Under the terms of a cost reimbursement contract, the contractor is paid for all of their allowed expenses within a set limit. An additional payment is then added to this set limit to permit a profit to be earned. It is a structure that is different than a fixed-price contract, which permits a single negotiated amount, no matter what expenses are incurred by the contractor.
A cost reimbursement contract depends on the contractor’s ability to make a good-faith effort to meet the needs of their client within an estimated cost. To that extent, the contract must include an estimate of contractor expenses to create the set limit. That limit creates a ceiling which a contractor would then exceed at their own risk.
These contracts are not required to offer a guaranteed completed end-item or service completion date.
List of the Advantages of Cost Reimbursement Contracts
1. It can lead to a higher quality project at the completion date.
Because the expenses are not the complete responsibility of the contractor, an accurate estimate of costs helps to create a higher quality project at the end of the day. Up until the cost limit, contractors know that they’ll be paid for all the expenses they incur, plus an extra amount on top of that to create a profit for themselves or their company. There are fewer shortcuts taken because there are more guarantees when compared to a fixed-cost contract.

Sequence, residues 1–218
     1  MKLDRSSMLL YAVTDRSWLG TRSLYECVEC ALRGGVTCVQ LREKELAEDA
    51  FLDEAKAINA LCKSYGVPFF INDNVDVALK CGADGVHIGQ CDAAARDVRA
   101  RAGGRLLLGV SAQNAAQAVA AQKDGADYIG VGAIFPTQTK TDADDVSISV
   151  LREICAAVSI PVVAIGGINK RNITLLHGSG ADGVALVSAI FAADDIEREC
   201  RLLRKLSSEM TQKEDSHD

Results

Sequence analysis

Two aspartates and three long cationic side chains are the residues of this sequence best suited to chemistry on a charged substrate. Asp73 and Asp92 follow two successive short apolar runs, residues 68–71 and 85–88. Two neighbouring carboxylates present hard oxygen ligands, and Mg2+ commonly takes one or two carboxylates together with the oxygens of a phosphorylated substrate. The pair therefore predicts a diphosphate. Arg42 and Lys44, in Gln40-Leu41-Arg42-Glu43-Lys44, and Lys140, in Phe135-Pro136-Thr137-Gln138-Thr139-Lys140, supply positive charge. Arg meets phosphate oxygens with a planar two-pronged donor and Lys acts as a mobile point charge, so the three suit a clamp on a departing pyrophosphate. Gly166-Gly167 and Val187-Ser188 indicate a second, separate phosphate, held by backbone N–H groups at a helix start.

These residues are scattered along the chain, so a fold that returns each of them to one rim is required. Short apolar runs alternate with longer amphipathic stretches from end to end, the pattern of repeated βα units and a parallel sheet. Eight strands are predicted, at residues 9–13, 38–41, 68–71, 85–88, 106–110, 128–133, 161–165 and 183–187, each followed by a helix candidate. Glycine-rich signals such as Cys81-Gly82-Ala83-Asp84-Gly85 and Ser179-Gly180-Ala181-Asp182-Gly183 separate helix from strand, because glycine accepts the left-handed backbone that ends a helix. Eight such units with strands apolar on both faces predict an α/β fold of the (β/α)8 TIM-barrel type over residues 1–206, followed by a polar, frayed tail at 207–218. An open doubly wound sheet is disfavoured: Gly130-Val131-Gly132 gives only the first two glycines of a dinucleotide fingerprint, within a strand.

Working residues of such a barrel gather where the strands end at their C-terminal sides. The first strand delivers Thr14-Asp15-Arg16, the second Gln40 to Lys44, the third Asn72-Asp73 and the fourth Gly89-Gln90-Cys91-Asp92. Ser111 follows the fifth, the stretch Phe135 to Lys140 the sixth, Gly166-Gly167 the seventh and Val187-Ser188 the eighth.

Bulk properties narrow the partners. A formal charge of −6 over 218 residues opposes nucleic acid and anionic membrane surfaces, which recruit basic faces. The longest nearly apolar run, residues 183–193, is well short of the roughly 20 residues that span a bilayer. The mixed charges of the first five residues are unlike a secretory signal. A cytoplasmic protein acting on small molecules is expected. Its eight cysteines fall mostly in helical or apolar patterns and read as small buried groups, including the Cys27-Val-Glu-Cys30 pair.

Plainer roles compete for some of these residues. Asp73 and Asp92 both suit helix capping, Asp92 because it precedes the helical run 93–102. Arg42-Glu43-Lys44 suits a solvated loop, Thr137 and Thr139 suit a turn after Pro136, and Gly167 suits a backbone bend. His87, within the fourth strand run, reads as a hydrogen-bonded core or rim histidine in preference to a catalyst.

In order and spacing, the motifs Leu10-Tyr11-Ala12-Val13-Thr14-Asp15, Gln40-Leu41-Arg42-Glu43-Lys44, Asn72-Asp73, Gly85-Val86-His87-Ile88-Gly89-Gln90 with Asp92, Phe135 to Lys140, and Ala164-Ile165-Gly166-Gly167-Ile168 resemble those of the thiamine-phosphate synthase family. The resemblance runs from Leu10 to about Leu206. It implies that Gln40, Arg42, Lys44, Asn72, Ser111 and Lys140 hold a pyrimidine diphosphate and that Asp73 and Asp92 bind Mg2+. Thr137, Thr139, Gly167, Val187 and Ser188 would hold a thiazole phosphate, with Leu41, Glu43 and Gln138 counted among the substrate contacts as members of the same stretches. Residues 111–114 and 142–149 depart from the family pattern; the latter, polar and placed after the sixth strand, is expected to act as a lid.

2. It can be cheaper than other contract options.
When fixed costs are the primary negotiating point for new contracts, a bidding process is often implemented to determine the best possible rate. Going with the lowest possible bidder may increase the final costs of a project because the work being done may have higher maintenance costs because it is completed at a potentially lower quality. By estimating high-quality work before a project begins, the long-term savings can counter the upfront capital cost increases that may be experienced.
3. It allows for a job to be completed when unknown situations exist.